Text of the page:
Rendezvous with History
The Aztec Club's Sesquicentennial
Plans for the Aztec Club's 1997 sesquicentennial celebration commenced in 1994 and included publication of a comprehensive Sesquicentennial History and a trip to Mexico to commemorate 150 years of peace between our two countries. The objective of our trip was to honor the sacrifices made by both nations.
Great care was taken to ensure that the governments of both countries were involved. Our trip was at the invitation of
Ernesto Zedillo Ponce de León, President of Mexico, and we coordinated
with the U. S. State Department.
On the morning of October 7, 1997 members of the Aztec Club gathered at staging areas around the nation. From Minneapolis to Atlanta, and Washington to Los Angeles, we embarked on a rendezvous with our forefathers. It was a journey long awaited with the greatest of anticipation. The appointed day had finally arrived for us to begin a grand celebration, and our commemoration of one hundred fifty years of peace.
The Aztec Club of 1847 was founded on Oct. 12, 1847 by the officers of the United States Army then in Mexico City who occupied that magnificent city after overcoming a valiant defending force, larger in numbers but nevertheless outmatched by the superior arms of Winfield Scott's Army. One hundred fifty years later some 30 of us arrived by plane at Mexico City International Airport. As members of the Aztec Club, each is a descendant of an officer of the American Army, Navy or Marines who, between 1846-1848, served in the Mexican War.
Although this war had great significance to the fledgling American nation, many often forget it as that victory looms behind the overpowering shadow of the War of the Rebellion.
Arguably the single example of bald American expansionism, the Mexican War secured the Pacific Ocean as the western boundary of the United States and set the stage for the great Western migration. Historians have often debated what America might be like today had the Mexican War not occurred. With Russians settling in San Francisco Bay, the British in Washington and Oregon, and Spain to the South, what flag might be flying this day over California and the West had the Mexican War not occurred? Would the United States never have had a fleet at Pearl Harbor?
Our trip had been carefully planned over several months time. The Aztec Club experienced the greatest level of cooperation from the Mexican government. We came commemorating peace, with the hope of sharing friendship and future prosperity. Traveling with us were selected leaders of business and industry,
including trade representatives working to establish a sister city relationship with Querétaro.
There was great anticipation as we attended a press conference scheduled for the night of our arrival.
We wondered: "How would we be received?" Would lingering feelings about the war, fought so long ago, prove our best intentions were ill conceived?
The President of the Aztec Club entered the press conference to find perhaps two dozen representatives from the newspaper, radio, and television media.
A bank of television cameras faced from the back of the room,
microphones were set upon a table, reporters had pen and paper
in hand and press photographers were ready. We could not help but wonder what they would soon record.
After a few tentative questions, the inquisitive reporters quickly picked up their pace and for over an hour a constructive, thoughtful and friendly discourse ensued. It became clear we made the right choice in coming. Our approach struck a much desired friendly chord. We could not change history but we could begin to understand each other today -- and talk about a more friendly, respectful and mutually prosperous future.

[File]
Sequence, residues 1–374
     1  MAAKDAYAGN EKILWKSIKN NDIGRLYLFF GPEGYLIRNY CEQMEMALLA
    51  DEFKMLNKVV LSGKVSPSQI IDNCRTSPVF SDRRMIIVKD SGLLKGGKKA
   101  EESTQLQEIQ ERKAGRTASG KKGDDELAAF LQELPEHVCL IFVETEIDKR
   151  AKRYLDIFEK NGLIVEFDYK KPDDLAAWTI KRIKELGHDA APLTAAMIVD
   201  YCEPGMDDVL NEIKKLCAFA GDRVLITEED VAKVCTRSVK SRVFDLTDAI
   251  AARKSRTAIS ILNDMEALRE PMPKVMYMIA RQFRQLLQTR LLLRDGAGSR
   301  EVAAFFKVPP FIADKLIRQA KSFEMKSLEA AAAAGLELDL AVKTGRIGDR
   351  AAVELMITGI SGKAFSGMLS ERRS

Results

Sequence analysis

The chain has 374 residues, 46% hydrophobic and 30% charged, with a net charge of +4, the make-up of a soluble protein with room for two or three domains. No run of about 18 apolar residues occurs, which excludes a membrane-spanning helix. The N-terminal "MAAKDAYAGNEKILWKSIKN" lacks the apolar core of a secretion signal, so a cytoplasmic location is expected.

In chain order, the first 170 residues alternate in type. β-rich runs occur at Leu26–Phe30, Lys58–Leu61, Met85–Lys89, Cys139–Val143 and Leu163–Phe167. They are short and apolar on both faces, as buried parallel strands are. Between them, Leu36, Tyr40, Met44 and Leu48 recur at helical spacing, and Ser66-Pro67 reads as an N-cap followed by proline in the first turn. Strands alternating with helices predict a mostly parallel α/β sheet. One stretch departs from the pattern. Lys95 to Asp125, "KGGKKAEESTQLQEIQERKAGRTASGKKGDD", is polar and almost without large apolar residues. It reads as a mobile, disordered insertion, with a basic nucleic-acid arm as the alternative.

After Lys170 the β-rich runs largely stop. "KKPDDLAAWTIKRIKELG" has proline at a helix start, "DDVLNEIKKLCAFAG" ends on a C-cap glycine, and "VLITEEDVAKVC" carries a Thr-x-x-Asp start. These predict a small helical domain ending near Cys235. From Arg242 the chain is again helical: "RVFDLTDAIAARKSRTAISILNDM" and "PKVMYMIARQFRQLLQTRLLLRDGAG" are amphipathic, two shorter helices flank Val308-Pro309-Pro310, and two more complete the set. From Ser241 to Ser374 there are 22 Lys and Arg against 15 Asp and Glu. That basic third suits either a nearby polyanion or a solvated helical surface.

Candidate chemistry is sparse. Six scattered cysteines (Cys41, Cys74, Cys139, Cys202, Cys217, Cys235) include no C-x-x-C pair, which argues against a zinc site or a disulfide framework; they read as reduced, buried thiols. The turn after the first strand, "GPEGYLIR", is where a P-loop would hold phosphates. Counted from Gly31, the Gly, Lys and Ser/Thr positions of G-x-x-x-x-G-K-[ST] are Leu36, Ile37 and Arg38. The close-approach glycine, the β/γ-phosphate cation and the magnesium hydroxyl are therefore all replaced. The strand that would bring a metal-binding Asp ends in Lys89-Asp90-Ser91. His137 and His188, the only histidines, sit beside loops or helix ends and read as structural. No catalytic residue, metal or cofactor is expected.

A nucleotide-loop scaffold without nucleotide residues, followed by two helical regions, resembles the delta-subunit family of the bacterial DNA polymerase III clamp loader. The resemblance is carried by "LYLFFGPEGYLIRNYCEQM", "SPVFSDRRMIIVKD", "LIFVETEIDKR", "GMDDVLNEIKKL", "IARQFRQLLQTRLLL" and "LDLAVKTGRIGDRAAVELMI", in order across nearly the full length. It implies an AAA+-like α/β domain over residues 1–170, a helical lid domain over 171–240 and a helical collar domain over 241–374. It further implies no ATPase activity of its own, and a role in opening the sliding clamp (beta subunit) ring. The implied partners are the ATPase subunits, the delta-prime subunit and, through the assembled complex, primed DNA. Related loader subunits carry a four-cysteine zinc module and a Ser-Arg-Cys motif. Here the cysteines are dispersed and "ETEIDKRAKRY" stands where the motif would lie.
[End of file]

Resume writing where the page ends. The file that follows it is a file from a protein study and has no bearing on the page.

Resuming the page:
During this ten-day trip we followed in near reverse the path that took
Winfield Scott and his armies two years to travail amidst not only the usual hazards of war, but disease and sickness which claimed the larger portion of our casualties.
Our battlefield tour began at the
Castle at Chapultepec and, over the next week we visited other battle sites with names familiar to all of us: from
Molino del Rey, to
Churubusco, Puebla, Jalapa,
Cerro Gordo and down to
Vera Cruz. We also visited Querétaro, site of the signing of the
Treaty of Guadalupe Hidalgo.
American General Winfield Scott envisioned coordinated assaults on Chapultepec by two divisions, led by Gen. Gideon Pillow attacking east from Molino del Rey, and Gen.
John A. Quitman traveling a northern route through the Tacubaya causeway. (Gen. Quitman was the first President of the Aztec Club.) Serving under Quitman were Generals
Persifor Smith and James Shields.
At the Monumento de los Niños Héroes we presented a wreath and a stirring tribute to the cadets who valiantly defended the Castle, then Mexico's military academy, to their deaths. The Cadet Guard participating in our tribute, provided by the Mexican government, seemed a fitting reminder to us all. As
the Aztec Club President's address was broadcast over the park via its sound system
one could not help but wonder the reaction we would invoke.
Spanish King Carlos V (Charles V) declared the zone today known as
Chapultepec Park a nature reserve in 1537. During Mexico's Spanish colonial era, the Viceroys of New Spain had their palace atop Chapultepec, demolishing Pre-Columbian structures in the process. A larger Viceregal castle was constructed on the spot in 1784.
Having won its independence from Spain, in 1833 Mexico turned the palace into a military academy. In 1847 Chapultepec was the site of a decisive battle in the Mexican War.
For a short video on the Battle of Chapultepec click
here. A band of cadets studying at the military academy in the castle were overwhelmed by the troops of Gen. Winfield Scott, an incident that gave rise to the phrase in the United States
Marine Corps hymn about "the Halls of Montezuma".